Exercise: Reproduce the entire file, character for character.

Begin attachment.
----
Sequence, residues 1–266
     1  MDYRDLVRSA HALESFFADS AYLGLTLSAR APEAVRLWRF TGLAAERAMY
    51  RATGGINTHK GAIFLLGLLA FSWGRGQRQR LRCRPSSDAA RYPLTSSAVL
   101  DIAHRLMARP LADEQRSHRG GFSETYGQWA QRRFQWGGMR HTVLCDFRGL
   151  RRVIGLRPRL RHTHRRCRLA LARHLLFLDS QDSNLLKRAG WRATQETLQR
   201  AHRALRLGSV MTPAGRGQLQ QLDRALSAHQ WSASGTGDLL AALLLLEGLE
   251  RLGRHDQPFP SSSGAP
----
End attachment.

Sequence, residues 1–266
     1  MDYRDLVRSA HALESFFADS AYLGLTLSAR APEAVRLWRF TGLAAERAMY
    51  RATGGINTHK GAIFLLGLLA FSWGRGQRQR LRCRPSSDAA RYPLTSSAVL
   101  DIAHRLMARP LADEQRSHRG GFSETYGQWA QRRFQWGGMR HTVLCDFRGL
   151  RRVIGLRPRL RHTHRRCRLA LARHLLFLDS QDSNLLKRAG WRATQETLQR
   201  AHRALRLGSV MTPAGRGQLQ QLDRALSAHQ WSASGTGDLL AALLLLEGLE
   251  RLGRHDQPFP SSSGAP